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Measuring Tiny Victories

The following is taken from this month's Mere Motherhood newsletter, the email companion to the Mason Jar Podcast.

It is jolly good fun to always be talking about truth, goodness, and beauty. In fact, the more we talk about it–the more metaphors we use–the more romantic it becomes. Warm blackberries, babies’ breath, raindrops on roses, and all that. This is fine and dandy on the Internet, but when you sit down with young moms in your own home you begin to blush.

I recently invited a group of local Charlotte Mason moms over for snacks and discussion. We had a delightful evening, but as they talked I began to see that they were all feeling very badly about how very badly they achieved truth, goodness, and beauty in their homes (not to mention narration). The realities of life often seemed far afield from their ideals.

This is because, of course, they are.

These young moms often imagine that I, or my older friends, have found some magic elixir that did not include whining children, ruined carpets, or fingerprinted walls. This is why I refuse to hide my own failings as a mother and as a teacher, at least not all of them. For every good homeschooling day worthy of an Instagram post, how many bad ones are there? Let me tell you: a whole lot. This is why I am all about measuring tiny victories rather than grand schemes. Truth, goodness, and beauty are hardly ever pretty.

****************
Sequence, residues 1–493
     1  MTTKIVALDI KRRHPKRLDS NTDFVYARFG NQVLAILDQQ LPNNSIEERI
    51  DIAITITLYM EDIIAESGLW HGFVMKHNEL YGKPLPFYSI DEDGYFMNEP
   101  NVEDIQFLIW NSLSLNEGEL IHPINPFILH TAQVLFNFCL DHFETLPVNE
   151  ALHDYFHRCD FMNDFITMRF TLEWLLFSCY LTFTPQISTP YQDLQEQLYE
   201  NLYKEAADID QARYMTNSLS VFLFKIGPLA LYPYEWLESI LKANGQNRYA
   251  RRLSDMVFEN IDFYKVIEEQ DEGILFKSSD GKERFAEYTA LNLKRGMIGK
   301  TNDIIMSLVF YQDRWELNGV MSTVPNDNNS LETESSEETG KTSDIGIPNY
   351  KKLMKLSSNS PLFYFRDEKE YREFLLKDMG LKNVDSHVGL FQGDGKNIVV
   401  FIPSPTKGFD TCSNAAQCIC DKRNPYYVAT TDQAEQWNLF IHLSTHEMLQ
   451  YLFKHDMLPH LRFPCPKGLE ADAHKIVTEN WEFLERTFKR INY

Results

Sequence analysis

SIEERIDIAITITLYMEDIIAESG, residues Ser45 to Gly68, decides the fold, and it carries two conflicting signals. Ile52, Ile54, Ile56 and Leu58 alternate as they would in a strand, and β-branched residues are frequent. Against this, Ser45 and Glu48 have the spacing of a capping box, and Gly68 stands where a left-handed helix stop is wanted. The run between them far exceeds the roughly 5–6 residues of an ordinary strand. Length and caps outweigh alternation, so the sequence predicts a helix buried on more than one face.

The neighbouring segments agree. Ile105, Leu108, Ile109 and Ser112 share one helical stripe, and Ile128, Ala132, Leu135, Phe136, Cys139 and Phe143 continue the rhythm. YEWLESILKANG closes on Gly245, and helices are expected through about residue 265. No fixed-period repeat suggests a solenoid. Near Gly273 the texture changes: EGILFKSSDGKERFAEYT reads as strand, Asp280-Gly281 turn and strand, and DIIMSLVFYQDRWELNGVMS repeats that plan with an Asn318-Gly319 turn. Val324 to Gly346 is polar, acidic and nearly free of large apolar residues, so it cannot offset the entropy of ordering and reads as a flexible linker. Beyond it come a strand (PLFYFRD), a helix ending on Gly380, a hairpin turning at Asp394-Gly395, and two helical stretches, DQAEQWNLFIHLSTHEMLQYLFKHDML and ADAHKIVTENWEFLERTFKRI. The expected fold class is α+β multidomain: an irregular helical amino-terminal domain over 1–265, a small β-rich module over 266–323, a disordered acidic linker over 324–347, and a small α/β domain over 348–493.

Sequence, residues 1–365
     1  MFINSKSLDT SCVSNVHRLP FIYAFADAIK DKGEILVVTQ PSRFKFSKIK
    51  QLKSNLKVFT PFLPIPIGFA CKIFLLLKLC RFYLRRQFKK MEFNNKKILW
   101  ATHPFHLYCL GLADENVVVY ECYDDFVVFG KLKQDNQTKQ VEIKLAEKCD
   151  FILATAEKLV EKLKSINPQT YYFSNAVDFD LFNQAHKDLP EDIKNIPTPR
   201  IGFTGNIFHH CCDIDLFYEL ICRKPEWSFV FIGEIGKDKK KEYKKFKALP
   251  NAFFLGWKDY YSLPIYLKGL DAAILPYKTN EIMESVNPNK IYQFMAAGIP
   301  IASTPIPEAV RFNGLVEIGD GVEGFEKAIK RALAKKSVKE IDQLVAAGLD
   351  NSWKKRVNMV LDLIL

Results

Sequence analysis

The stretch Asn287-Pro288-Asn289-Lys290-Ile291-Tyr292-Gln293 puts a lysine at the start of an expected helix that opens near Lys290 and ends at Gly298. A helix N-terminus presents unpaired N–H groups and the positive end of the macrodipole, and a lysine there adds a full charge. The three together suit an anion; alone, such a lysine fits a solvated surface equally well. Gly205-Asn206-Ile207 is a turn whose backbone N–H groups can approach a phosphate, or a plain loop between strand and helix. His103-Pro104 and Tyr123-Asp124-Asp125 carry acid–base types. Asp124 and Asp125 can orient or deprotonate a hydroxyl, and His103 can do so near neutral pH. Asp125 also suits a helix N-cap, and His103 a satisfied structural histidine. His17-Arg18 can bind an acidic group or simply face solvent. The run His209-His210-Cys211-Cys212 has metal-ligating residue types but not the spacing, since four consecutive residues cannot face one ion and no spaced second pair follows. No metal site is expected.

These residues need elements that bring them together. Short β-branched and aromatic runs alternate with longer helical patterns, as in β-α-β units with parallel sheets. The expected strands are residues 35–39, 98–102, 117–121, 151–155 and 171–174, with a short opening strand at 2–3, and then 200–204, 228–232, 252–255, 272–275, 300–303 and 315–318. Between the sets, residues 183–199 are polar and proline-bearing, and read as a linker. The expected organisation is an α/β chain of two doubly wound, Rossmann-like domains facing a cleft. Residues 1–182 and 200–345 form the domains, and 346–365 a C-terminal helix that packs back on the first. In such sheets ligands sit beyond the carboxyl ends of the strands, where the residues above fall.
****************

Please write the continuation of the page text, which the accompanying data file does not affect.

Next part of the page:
Interestingly, I found in my homeschool that when life got easier, it didn’t necessarily follow that the children learned more than the children learned during the hard years. In fact, I would be willing to bet they learned less. It’s not all about being able to use the right curriculum, the right way.

A few years ago a man wrote an article claiming that homeschooling moms always looked so haggard. Apparently, we were not living up to the male dream of the smokin’ hot Christian wife. While being haggard should not be our goal, there are going to be those haggard days. To lay down your life for other people is tiring. Toddlers make us all look bad. Should I decide to have another baby based the number of hours of beauty sleep I will lose? What about those of us caring for handicapped children or aging parents? Can a haggard wife actually be beautiful, at least some of the time?

In John Bunyan’s Pilgrim’s Progress, at the home of the Interpreter, Christian sees a painting of a man mucking about for treasure in the mud while all the while the treasure is just above his head. All he had to do was look up. You may be muddy and haggard and tired but if you want to find truth, goodness, and beauty, you have to look up.

The magic elixir is this: Be faithful.

Do your part knowing it is God who gives the increase. It may not look like a pretty picture today but someday the real beauty will be revealed. Someday all of our metaphors will be inhabited.

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